There truly is an art to Landlording when it comes to filling vacancies. Anybody can screen for the ideal tenant; however, it takes more than just facts to line up that person/family whom is most compatible with your house and terms.
Sometimes we need to step back and ask ourselves: What is the goal of with this rental property?
Is it to gain positive cash flow, a free & clear property with tenants paying the mortgage, depreciation along the journey, and appreciation over time? What is the most efficient way to achieve this? Finding residents that are financially stable, understand quiet enjoyment, and will stay for the long term. Refer to my article: “Slow the Turn.”
What are some issues that I focus on?
From a financial perspective, I really like to see an applicant cover 3 Times rent with their NET Income (after taxes, insurance, etc. ). I want to see what other financial obligations exists, such as car, credit card, child support, etc., and subtract this out. I then create ranges of costs for food, utilities, gas, etc., and figure out what is left over to cover the rent and extra’s. If it doesn’t work, I’ve got to focus on that interview to see if frugality exists to handle an above norm housing expense or if they’re already living beyond their means.
Beyond the financial stability, I want to gauge the applicants social stability. This is important for single family’s and magnify’s with higher density multi-family housing. How does the applicants criminal report look? Any domestic disturbances, assault, drinking/drug issues? People can make mistakes; however, problems typically show up in a consistent pattern. If your applicant likes to get drunk and yells at the neighbors, your goodwill won’t be high and the costs to correct the situation (both mentally and financially) will remind you to fine tune your future screening.
Remember as housing providers, we must comply with all Fair Housing Laws!!! With that said, I find that differences (whether protected or not) create problems. I had a working class multifamily were one family had a big issue seeing a female couple -who kissed in the parking lot. While I spent time attempting to educate (and mediate), ultimately, it cost me as the couple was put on guard and ended up moving within the year. I’ve got another multi-family that tends to attract 20 year olds whom like to socialize both at the bars (@block away) and at home. Those that look at renting the property are advised to visit at random times to make sure this is where they want to call home -heck I’ve even had 20 somethings that didn’t appreciate what appears to be the norm. Here’s the deal -I find those social 20 somethings tend to stay at least 2-3+ years (slow the turn) and also refer friends immediately if an opening exists (lowers the vacancy rate). I find that this works with my cash flow goals and so this is my ideal target market for that property.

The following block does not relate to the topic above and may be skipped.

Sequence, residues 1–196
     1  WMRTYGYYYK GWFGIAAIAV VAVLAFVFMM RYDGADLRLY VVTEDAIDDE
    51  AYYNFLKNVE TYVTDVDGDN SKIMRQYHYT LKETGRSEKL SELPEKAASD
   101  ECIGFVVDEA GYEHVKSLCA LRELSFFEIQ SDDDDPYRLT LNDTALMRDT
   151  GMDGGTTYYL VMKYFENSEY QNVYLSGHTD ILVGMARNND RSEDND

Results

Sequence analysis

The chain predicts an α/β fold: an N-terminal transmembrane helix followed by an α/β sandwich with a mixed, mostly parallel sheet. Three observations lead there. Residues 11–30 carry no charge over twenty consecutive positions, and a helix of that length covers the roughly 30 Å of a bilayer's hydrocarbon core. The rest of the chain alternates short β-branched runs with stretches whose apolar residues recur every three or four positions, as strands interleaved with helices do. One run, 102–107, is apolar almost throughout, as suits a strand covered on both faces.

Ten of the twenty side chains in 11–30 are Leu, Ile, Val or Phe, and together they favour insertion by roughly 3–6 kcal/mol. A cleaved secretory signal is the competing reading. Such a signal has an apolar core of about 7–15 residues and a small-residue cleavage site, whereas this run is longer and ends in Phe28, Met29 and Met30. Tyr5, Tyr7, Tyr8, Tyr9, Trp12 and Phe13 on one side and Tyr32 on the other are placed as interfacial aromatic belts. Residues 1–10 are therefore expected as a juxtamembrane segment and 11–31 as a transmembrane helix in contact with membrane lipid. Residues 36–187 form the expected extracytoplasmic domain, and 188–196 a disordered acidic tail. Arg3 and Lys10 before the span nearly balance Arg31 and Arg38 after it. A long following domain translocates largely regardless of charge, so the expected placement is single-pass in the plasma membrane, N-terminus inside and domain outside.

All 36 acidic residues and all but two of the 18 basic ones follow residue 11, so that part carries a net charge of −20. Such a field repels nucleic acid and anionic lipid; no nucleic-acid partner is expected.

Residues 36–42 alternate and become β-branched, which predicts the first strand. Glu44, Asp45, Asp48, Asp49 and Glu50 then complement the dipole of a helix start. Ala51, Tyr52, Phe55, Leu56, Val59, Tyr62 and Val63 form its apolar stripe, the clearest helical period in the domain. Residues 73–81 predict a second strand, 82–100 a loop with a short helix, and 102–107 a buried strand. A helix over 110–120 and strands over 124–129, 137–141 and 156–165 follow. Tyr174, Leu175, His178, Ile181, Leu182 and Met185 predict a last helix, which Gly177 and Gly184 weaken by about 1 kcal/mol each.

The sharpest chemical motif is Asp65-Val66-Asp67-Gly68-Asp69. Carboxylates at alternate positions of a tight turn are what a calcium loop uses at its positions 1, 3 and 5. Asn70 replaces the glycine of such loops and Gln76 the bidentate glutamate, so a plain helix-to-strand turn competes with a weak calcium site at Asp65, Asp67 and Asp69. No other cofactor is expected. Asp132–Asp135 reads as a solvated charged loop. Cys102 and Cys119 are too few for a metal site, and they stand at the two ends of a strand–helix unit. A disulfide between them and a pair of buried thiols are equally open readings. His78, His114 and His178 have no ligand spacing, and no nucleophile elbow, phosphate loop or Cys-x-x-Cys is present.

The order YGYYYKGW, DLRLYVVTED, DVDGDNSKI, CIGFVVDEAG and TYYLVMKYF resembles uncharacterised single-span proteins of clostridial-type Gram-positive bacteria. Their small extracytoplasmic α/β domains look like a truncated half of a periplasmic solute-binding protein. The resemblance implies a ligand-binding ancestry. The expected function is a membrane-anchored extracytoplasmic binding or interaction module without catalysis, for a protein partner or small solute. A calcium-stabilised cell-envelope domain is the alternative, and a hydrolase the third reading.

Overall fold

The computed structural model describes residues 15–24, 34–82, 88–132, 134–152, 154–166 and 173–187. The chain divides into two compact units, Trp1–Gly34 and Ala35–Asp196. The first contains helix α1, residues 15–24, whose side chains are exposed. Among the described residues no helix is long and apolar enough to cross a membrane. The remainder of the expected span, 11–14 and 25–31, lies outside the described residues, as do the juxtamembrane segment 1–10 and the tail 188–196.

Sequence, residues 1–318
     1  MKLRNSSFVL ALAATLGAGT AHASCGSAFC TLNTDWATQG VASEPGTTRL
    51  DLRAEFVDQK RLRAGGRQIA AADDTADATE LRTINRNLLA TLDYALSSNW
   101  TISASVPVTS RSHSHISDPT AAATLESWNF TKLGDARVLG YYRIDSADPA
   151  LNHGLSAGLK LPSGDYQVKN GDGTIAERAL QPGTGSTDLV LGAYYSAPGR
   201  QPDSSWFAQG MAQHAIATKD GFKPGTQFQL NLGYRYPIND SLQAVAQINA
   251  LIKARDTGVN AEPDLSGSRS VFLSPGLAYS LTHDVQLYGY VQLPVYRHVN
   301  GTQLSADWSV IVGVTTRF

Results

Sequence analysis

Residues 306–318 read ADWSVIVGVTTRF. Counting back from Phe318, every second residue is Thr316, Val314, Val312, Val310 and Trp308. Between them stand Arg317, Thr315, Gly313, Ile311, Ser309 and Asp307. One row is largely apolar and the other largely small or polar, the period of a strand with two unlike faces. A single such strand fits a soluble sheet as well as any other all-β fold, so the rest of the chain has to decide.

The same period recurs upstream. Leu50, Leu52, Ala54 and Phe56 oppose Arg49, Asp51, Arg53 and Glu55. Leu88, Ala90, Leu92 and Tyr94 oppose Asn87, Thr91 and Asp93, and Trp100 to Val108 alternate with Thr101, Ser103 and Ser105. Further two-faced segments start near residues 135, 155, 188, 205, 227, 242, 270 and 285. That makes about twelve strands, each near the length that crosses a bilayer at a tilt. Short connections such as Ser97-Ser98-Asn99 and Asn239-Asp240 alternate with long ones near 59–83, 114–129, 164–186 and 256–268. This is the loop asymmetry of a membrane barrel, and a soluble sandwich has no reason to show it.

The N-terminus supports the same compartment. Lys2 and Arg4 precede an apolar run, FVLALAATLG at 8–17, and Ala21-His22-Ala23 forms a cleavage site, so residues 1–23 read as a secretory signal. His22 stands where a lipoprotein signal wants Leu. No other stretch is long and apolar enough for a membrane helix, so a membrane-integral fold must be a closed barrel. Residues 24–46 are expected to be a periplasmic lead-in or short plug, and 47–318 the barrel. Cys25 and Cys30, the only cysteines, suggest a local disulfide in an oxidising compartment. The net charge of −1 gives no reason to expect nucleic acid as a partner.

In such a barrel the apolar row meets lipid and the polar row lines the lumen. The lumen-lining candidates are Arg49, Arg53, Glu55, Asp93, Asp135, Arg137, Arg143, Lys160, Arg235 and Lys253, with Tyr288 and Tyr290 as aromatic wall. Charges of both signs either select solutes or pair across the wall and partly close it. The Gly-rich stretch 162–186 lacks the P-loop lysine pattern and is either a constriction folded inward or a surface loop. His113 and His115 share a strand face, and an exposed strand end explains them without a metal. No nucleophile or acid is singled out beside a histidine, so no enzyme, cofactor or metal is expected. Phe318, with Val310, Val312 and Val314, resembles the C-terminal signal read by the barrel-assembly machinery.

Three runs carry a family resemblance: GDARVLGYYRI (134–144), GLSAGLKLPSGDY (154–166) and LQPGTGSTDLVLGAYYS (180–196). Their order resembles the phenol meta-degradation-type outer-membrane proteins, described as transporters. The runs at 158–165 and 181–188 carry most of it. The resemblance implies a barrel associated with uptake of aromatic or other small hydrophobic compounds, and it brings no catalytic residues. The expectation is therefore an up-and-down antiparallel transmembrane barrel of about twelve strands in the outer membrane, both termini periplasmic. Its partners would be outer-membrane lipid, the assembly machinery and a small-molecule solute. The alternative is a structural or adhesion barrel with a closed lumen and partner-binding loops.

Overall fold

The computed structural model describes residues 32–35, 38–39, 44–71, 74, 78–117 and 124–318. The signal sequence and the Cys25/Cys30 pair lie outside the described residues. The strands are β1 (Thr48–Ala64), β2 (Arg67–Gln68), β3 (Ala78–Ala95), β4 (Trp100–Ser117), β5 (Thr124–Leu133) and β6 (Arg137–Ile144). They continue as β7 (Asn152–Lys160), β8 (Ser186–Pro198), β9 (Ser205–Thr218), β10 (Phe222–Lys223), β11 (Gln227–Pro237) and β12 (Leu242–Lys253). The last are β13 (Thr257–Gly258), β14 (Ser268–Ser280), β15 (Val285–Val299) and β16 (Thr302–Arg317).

Some have questioned my article, Setting Rental Rates, saying I’m just giving away rents (money)! But am I? How bout that middle income family that hastily takes your working-class blue collar home because it appeared to be what they wanted based in their rent range? One may say hey that’s there fault that they didn’t realize were they moved and don’t quite feel comfortable. Is it though? -as you’ll be assured to have a vacancy within the year with at least 30 days vacancy and costs to freshen up. Ideally you want a family that is comfortable and has commonalities with their neighbors. Do you think a childless couple that likes to use a pool will choose the apartment community with a pool filled by family’s with kids running around or the one without? I’m not suggesting that you say no to someone that doesn’t fit the mold; however, I think its important to market your amenities to highlight (and attract) to those that are interested. It is real important that you understand what I’m saying here -as housing providers, we must follow all Fair Housing Laws. Advertise benefits of a pool, distance to entertainment, highways, employment, etc.;however, don’t suggest that your home is ideal for a student, single or family with kids.
I want you to understand that it is very important to understand that this is key in not only surviving but thriving with rentals. It is important to not try to make your rental something that it clearly isn’t. That doesn’t mean that if you’ve got a problem property that you just give up -It means that you focus on its benefits and target your marketing to whom those benefits appeal to the most. Take your time in filling a rental with an applicant that fits your market -don’t rush to get that vacancy filled with just anyone that appears to have the ability to make the payment. Sure it may keep it occupied for a year; however, you’ll greatly expand your wealth (and dampen your expenses) when your tenants are attracted to all that your home and neighborhood offers.
So step back for a moment. Look at each rental property and study prior occupants history of payment and length of stay. Pull out their old credit application and study the file. Can you see a trend with some tenants staying longer, paying more predictably, and causing less mental headaches (on your part)? The answer is more than likely right in front of you.
September 26th, 2010